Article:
(B) Enter written findings affirming that it considered all less restrictive options, that detention is the only appropriate alternative, including its rationale and the clear, cogent, and convincing evidence used to enforce the order;
(C) Afford the same due process considerations that it affords all youth in criminal contempt proceedings; and
(D) Seek input from all relevant parties, including the youth.
(iii) Nothing in this subsection (2)(e) or in RCW 13.32A.250, 13.34.165, or 28A.225.090 shall be construed to limit the court's inherent contempt power or curtail its exercise.
(3) The court may, in addition to the remedial sanctions set forth in subsection (2) of this section, order a person found in contempt of court to pay a party for any losses suffered by the party as a result of the contempt and any costs incurred in connection with the contempt proceeding, including reasonable attorney's fees.
(4) If the court finds that a person under the age of eighteen years has willfully disobeyed the terms of an order issued under *chapter 10.14 RCW, the court may find the person in contempt of court and may, as a sole sanction for such contempt, commit the person to juvenile detention for a period of time not to exceed seven days.

NOTES:

*Reviser's note: Chapter 10.14 RCW was repealed in its entirety by 2021 c 215 § 170, effective July 1, 2022.
Effective date2019 c 312 §§ 6 and 9: "Sections 6 and 9 of this act take effect July 1, 2023." [ 2019 c 312 § 22.]
FindingsIntent2019 c 312: See note following RCW 7.21.080.
FindingsIntent2001 c 260: "The legislature finds that unlawful harassment directed at a child by a person under the age of eighteen is not acceptable and can have serious consequences. The legislature further finds that some interactions between minors, such as "schoolyard scuffles," though not to be condoned, may not rise to the level of unlawful harassment. It is the intent of the legislature that a projection order sought by the parent or guardian of a child as provided for in this chapter be available only when the alleged behavior of the person under the age of eighteen to be restrained rises to the level set forth in chapter 10.14 RCW." [ 2001 c 260 § 1.]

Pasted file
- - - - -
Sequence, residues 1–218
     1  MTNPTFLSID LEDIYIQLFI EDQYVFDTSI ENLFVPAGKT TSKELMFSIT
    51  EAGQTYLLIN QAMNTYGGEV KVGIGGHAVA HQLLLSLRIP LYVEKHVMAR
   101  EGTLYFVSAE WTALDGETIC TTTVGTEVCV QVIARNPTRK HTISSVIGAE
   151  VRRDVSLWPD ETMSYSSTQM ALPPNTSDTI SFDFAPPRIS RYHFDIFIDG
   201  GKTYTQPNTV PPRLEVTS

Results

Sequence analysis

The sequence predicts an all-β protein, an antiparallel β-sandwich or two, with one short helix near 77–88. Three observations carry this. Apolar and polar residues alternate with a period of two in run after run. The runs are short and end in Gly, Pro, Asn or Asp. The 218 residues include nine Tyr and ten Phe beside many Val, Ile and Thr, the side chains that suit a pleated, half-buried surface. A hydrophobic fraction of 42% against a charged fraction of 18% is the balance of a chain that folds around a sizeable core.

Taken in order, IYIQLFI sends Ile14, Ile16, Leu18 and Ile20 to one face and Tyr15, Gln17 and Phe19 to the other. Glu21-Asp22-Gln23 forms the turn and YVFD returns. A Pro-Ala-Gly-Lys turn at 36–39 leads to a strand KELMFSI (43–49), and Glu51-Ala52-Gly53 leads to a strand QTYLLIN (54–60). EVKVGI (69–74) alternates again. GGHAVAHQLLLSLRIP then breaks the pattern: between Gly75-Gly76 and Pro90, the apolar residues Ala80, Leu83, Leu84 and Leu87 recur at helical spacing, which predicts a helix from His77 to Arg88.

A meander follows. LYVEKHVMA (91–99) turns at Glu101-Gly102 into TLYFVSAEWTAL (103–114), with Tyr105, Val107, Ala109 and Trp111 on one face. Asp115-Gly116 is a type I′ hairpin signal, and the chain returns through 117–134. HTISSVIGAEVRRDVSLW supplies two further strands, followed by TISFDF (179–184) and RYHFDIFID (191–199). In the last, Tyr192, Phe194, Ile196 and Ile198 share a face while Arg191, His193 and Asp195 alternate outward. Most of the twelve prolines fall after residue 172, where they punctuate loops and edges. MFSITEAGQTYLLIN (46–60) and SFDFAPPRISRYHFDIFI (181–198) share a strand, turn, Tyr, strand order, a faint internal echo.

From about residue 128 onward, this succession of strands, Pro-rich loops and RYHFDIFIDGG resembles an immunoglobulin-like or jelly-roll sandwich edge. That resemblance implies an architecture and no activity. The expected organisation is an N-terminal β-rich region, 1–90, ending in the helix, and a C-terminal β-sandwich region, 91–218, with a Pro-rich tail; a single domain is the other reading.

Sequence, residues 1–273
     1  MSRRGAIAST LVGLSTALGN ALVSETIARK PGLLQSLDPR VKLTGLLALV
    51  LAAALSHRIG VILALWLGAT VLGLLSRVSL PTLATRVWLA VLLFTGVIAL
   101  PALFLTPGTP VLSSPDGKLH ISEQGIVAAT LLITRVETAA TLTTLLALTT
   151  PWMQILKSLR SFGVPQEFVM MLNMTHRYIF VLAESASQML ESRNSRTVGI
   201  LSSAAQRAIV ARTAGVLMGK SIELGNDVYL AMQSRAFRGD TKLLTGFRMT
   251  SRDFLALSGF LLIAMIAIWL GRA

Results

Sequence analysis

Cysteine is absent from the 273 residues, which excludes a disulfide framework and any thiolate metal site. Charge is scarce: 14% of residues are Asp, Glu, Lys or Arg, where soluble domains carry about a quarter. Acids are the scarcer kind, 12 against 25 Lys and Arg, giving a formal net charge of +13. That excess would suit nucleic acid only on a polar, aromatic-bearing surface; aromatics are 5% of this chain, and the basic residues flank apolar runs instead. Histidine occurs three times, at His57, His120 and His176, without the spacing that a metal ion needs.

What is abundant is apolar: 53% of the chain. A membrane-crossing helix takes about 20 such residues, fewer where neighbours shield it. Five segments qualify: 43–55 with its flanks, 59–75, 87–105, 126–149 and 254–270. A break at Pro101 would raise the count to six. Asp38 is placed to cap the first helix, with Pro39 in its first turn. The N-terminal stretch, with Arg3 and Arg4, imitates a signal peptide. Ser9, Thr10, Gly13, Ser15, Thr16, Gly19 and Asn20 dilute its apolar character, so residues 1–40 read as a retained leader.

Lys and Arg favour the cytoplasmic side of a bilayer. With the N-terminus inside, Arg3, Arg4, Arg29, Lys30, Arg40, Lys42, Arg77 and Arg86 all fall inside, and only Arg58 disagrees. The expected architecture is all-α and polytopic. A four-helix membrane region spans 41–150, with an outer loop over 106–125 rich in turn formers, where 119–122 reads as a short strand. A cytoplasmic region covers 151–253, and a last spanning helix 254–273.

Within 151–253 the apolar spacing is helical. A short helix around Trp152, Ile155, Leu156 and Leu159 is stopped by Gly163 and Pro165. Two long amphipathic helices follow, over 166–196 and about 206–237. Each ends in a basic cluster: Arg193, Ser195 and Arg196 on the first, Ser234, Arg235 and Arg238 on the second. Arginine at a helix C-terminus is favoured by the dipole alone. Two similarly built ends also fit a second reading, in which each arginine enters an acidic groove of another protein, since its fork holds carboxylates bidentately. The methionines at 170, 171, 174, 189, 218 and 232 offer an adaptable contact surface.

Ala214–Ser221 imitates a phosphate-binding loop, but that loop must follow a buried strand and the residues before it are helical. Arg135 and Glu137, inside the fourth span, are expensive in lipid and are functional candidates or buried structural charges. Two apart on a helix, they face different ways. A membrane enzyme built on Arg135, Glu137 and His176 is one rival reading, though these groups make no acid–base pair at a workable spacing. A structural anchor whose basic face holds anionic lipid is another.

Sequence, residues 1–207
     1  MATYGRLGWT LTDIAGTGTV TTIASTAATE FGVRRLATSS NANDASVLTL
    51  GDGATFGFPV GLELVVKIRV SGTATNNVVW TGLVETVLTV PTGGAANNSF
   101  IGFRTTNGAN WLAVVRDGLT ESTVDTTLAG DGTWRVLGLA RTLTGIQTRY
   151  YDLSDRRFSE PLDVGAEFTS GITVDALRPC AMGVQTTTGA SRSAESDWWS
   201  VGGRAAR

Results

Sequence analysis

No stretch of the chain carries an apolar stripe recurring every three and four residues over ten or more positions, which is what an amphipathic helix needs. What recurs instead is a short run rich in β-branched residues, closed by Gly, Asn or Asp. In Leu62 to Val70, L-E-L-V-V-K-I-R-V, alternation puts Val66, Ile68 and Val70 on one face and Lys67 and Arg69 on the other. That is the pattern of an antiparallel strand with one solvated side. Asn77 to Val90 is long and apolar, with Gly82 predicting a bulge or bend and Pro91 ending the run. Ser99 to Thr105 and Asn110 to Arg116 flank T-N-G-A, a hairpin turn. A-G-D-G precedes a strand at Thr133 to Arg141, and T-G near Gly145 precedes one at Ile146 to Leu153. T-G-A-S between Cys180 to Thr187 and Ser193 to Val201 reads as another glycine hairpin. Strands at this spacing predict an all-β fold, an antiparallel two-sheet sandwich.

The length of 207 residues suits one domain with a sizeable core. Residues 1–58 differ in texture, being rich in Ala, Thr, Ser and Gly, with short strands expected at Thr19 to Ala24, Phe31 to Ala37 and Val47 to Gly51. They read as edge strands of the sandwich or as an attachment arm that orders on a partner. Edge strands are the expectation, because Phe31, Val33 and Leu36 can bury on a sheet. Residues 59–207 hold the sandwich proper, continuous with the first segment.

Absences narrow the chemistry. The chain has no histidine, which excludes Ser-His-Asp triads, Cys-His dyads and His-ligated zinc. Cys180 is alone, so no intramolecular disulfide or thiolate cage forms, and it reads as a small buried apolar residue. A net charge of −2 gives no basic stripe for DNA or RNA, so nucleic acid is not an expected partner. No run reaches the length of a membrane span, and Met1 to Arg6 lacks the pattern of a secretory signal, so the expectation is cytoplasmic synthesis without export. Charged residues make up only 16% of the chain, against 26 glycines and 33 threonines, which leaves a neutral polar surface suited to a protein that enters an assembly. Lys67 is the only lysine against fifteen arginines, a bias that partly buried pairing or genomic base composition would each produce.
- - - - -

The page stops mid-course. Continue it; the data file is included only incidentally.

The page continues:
FindingsIntentPart headings not lawShort title1998 c 296: See notes following RCW 74.13.025.



Punitive sanctionsFines.

(1) Except as otherwise provided in RCW 7.21.050, a punitive sanction for contempt of court may be imposed only pursuant to this section.
(2)(a) An action to impose a punitive sanction for contempt of court shall be commenced by a complaint or information filed by the prosecuting attorney or city attorney charging a person with contempt of court and reciting the punitive sanction sought to be imposed.
(b) If there is probable cause to believe that a contempt has been committed, the prosecuting attorney or city attorney may file the information or complaint on his or her own initiative or at the request of a person aggrieved by the contempt.